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I was slow to post it, but I got a response to my email to Oxford Press and Handmark regarding the Oxford American Dictionary app almost right away.

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Libertarianism, slightly deconstructed

This is the old libertarian saw, stated by P.J. O’Rourke like this (only longer, better, and funnier): If your grandmother doesn’t pay her taxes, she’ll be fined. If she doesn’t pay her fine, she’ll eventually be put in jail. If she tries to escape from jail, she’ll be shot. So!: Anything that you agree the government should do, you should be willing to put a gun to your grandmother’s head and threaten to shoot her for. Something like that.

This is a pretty old libertarian saw (contrary to the folks who posted the video above, libertarianism doesn’t argue for a completely stateless society, just for a minimal state): the government should do the minimum amount necessary to keep a society functioning, and no more. This means enforcing minimal laws against harming others, and a small national defense system. Everything else, the argument goes, is better privatized. I’ve been a registered Libertarian since the day I registered to vote, so I’ve given these arguments some thought.

One day the libertarians may go off and create their dream society, maybe on a floating island. In the meantime, we have Somalia, which has been without a central government since 1991.

So here’s the solution, and it has more than a little to do with game theory. Stuff that the government does is not like forcing some one individual to contribute to something. There’s a whole range of things that, if we weren’t all contributing, it wouldn’t make sense for an individual to give any money towards. Let’s start with the Libertarian’s example of national defense. It makes sense to have a national defense system only if everyone contributes. But it ends up that there are lots of things that directly or indirectly help everyone in a society. And while there are ways that a lot of these things could be accomplished by groups of private individuals, it makes sense for the government to do them. Would you shoot your grandmother for the interstate highway system? Probably not. But the highways unquestionably help our society in ways that a privatly-funded and tolled highway system would not.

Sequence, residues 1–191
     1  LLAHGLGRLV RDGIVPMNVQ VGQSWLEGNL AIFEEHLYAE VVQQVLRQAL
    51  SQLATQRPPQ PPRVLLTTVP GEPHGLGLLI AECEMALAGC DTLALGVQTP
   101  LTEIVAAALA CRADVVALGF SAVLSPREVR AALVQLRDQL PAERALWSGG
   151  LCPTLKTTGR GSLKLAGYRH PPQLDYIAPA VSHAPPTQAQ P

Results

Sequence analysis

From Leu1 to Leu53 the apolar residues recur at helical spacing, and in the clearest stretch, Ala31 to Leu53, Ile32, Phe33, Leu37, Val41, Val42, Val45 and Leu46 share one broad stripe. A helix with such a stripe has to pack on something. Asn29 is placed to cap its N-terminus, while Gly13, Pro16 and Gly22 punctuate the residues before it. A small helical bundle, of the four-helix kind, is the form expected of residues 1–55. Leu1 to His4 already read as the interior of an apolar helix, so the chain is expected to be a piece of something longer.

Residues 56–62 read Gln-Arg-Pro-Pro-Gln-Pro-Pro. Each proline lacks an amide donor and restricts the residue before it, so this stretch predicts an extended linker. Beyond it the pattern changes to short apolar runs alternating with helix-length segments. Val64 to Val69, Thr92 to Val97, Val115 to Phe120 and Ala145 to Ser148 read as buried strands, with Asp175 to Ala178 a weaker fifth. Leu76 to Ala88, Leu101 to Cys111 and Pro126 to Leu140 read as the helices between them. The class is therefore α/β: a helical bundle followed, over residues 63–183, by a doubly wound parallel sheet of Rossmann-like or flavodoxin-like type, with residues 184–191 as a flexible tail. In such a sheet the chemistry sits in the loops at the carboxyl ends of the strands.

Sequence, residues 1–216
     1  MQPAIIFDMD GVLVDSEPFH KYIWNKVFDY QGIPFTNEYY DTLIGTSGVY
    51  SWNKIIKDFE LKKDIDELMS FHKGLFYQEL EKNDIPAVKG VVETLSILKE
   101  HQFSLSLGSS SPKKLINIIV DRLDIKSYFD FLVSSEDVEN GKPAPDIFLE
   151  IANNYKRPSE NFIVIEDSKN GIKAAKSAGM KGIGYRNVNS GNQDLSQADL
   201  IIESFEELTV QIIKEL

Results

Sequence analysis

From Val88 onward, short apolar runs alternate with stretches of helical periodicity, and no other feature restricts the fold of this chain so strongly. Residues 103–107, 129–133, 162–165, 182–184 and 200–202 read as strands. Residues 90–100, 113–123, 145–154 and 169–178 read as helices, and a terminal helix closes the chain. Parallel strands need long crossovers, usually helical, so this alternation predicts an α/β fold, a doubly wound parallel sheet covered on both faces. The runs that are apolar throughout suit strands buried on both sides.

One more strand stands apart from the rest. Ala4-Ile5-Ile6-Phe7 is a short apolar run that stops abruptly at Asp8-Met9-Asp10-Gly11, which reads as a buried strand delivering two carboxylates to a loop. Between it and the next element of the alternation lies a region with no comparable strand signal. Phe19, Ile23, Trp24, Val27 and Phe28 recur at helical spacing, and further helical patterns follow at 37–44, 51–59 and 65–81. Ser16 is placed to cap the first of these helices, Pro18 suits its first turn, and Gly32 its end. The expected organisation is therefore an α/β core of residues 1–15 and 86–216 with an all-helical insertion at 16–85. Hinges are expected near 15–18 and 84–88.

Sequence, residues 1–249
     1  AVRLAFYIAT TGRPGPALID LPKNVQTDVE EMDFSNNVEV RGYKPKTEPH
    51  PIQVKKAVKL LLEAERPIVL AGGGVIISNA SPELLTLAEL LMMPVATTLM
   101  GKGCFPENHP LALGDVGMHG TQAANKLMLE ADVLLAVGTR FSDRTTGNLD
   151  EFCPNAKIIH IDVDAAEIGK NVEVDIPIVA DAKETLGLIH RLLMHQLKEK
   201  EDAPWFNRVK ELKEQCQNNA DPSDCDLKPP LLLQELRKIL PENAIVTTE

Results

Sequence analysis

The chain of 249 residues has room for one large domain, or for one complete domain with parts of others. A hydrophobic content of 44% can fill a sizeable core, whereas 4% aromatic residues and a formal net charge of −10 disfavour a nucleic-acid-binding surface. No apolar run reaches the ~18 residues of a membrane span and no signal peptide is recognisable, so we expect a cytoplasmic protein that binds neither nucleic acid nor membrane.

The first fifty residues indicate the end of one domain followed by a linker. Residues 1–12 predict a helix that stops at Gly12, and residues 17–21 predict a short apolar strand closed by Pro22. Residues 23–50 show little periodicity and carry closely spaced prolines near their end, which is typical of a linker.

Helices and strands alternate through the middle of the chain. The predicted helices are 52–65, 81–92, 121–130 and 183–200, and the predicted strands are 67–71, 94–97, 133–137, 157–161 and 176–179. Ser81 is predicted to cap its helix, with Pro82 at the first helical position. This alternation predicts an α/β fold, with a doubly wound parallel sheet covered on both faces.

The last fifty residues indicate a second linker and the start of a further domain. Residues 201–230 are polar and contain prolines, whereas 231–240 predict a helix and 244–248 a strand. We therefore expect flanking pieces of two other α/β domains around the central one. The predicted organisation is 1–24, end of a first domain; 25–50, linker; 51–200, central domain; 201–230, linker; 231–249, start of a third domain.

The welfare system, public education, food safety inspections, drone strikes in foreign countries, eviction of protesters from public spaces, public healthcare, air traffic control. You probably agree that some of these things are good, and that some are bad. That’s not the point, though. The point is that they’re all things that a central government is in a unique position to provide, and that arguments exist that they are a net benefit. Once we’ve agreed to create the structure of the government, we’re all in it together, and we all need to decide together what we think are appropriate roles for that government.

It’s not that we need a system to make George help Oliver. It’s that we’re all better off if there’s a system that helps all those that need help, not just those that can find someone willing to help them.

Posted: Tuesday December 27, 2011 by Alesh Houdek · Permalink · Comment [2]

 

Václav Havel: a casual rememberence

vaclav havel “Tidy yourself up! We might be Czechs, but we don’t have to let the rest of the world know.” This is apparently one of the lingeringly popular jokes from The Good Soldier Švejk, one of the resounding classics of Czech literature. The fact that I don’t find it any funnier than you will tell you what you need to know about my embarrassingly sparse connection to Czech literature (if the fact that I had to Google it didn’t tip you off). With that serving as a pre-emptive appology, let me tell you as best as I can why Václav Havel was important (without any more Googling, I promise).